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GOLDEN, Colo. (AP) -- A search that set parents in the Denver area on edge last fall, had neighbors casting a suspicious eye on neighbors, and left a family grieving the loss of a 10-year-old ended with the teen suspect telling a 911 dispatcher: "I murdered Jessica Ridgeway. I have proof that I did it."
He told the 911 dispatcher that some of Jessica's remains were in the crawl space at his mother's house, according to a recording of the Oct. 23 call played in court during his preliminary hearing Friday. Fifth-grader Jessica disappeared Oct. 5 after she left her house to meet a schoolmate two blocks away so they could walk to school together.
A judge ordered Austin Sigg, 18, to stand trial and be held without bail for Jessica's slaying and a May attack on a jogger at Ketner Lake, which is across the street from Jessica's elementary school. In the attack on the jogger, investigator Michael Lynch testified that Sigg used homemade chloroform concocted with a recipe found on the Internet to attempt to subdue a woman.
Lynch testified at the hearing that Sigg first confessed to his mother, telling her that he kidnapped Jessica as she walked past his car, bound her arms and her legs with zip ties, placed her in the back seat, drove around for a little bit, then took her to his house.
He tried to strangle her, first with zip ties and later with his hands, Lynch testified. He later dismembered her, he said.
Sigg, now 18, is charged with murder, kidnapping, sexual assault and robbery in Jessica's death. Prosecutors have added three counts of sexual exploitation of a child because child pornography was allegedly found during the investigation.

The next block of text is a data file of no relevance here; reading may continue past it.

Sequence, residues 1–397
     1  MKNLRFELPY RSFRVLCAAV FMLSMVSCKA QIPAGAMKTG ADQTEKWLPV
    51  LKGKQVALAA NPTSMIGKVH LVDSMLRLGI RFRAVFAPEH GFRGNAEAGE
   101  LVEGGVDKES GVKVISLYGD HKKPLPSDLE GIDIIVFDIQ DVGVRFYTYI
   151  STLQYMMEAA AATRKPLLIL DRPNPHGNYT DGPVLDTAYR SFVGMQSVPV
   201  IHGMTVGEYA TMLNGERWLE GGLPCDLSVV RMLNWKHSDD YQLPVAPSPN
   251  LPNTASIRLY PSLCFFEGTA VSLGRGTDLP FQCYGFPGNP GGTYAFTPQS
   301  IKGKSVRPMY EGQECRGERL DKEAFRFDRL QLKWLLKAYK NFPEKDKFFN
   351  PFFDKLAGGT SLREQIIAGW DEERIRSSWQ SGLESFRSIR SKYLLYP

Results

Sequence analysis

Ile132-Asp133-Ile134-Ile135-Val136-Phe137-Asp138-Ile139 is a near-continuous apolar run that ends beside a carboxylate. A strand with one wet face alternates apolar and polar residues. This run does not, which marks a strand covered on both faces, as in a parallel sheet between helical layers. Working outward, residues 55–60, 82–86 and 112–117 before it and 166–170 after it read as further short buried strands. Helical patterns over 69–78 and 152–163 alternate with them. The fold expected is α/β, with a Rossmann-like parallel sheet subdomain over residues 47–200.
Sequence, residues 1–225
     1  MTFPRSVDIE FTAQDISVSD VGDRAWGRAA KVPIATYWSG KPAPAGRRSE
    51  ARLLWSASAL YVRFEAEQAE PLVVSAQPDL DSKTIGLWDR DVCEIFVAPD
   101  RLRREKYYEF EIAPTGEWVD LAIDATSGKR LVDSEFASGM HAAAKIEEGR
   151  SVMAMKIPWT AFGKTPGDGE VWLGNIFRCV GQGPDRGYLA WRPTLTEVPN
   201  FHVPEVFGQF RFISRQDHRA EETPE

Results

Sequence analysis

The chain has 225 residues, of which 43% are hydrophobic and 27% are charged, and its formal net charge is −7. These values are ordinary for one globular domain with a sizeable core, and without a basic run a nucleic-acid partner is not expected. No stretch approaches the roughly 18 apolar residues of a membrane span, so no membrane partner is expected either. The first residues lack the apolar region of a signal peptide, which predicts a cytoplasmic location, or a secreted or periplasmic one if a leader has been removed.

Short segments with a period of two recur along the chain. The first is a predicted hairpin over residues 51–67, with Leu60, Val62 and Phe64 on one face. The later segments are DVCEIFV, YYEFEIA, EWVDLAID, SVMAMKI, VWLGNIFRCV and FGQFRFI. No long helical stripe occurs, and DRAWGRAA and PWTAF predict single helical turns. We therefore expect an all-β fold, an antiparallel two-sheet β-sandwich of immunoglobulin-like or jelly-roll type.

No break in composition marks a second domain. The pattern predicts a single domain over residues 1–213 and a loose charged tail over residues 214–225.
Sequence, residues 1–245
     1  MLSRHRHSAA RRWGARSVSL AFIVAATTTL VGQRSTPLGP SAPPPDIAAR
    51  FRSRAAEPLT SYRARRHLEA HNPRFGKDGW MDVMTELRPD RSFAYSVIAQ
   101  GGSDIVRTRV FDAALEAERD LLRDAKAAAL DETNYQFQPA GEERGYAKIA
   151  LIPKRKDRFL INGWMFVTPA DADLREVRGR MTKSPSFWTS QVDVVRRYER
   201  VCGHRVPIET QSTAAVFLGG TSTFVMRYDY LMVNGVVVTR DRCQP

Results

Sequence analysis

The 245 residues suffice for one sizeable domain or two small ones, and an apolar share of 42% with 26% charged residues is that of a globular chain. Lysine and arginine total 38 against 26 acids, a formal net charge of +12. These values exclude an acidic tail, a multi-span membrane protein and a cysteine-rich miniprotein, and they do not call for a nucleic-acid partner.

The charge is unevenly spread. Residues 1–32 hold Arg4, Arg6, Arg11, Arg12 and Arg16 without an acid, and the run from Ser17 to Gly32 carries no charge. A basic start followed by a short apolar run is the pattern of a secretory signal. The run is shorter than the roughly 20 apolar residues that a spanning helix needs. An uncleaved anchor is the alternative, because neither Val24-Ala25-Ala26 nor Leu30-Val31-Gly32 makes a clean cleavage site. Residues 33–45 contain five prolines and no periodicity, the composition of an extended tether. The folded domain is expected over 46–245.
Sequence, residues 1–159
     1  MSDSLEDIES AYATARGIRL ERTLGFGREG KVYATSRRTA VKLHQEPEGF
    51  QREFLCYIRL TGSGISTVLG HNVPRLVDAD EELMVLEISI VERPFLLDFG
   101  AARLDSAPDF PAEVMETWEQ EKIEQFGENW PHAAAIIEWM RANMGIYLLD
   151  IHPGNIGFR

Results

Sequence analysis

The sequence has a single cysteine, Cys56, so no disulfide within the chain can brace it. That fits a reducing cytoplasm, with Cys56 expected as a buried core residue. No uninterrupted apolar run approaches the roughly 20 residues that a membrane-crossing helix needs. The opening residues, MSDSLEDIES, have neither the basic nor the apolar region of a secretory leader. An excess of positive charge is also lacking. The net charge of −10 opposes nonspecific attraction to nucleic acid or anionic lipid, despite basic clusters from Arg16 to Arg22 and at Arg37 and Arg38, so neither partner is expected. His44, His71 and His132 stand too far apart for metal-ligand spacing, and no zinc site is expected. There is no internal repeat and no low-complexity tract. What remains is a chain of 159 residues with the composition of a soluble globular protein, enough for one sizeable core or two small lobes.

He also faces an attempted kidnapping charge for the attack on the jogger. An attempted murder charge was dropped by prosecutors and the judge found there wasn't enough evidence for an attempted sexual assault charge in that case.
Hundreds of officers canvassed the area after Jessica's disappearance, investigated leads and took DNA samples as parents waited with their children at bus stops and thought twice about letting them out of sight. The FBI took the unusual step of asking residents to observe their family members and neighbors for suspicious behavior.
One of those residents contacted authorities Oct. 19 to report Austin Sigg because of his fascination with death, Westminster Detective Luis Lopez testified. Two FBI agents responded and took a DNA sample from Sigg on Oct. 19, four days before his mother called 911.
Lopez testified that Sigg attended a community college because of their mortuary sciences program.
Mindy Sigg told Lynch her son appeared sick and confessed, four days after the visit from the FBI, opening the conversation by saying he was a "monster."
Mindy Sigg then called 911 to say her son wanted to turn himself in and had confessed to killing the girl. When the dispatcher asked what her son had said, Mindy Sigg replied, "That he did it, and he gave me details, and her remains are in my house."
She can be heard crying and asking if her son will talk to the dispatcher, who asks him general questions.
"I don't exactly get why you're asking me these questions. I murdered Jessica Ridgeway. I have proof that I did it," Austin Sigg said. "You have to send a squad car down here, and I'll answer any questions you want to ask me."
He also said the remains were in a crawl space.
When asked about his criminal record, he told the dispatcher: "The only other thing that I have done was the Ketner Lake incident where the woman got attacked. That was me."
Both Mindy Sigg and Austin Sigg wiped their faces with tissue as the tape was played. Jessica's mother and other family members looked down.
Lopez said Sigg's DNA -- the kind left behind by touching something -- was found on Jessica's clothing, but no semen was found.
Sigg told investigators that he didn't rape Jessica, Lynch said.
"It was a comment he had made right off the bat, 'I didn't rape her. I didn't torture her.'"
Some of Jessica's remains were found in garbage bags in an open space park five days after she went missing. Friday was the first time investigators revealed that the bags contained her torso. Lopez testified that she died of asphyxiation.
The judge originally ordered Friday's hearing to be closed to the public but the Colorado Supreme Court sided with media organizations who argued that he failed to show that holding the hearing in public would jeopardize Sigg's right to a fair trial.
Arraignment, where Sigg is to enter a plea, is set for March 12.
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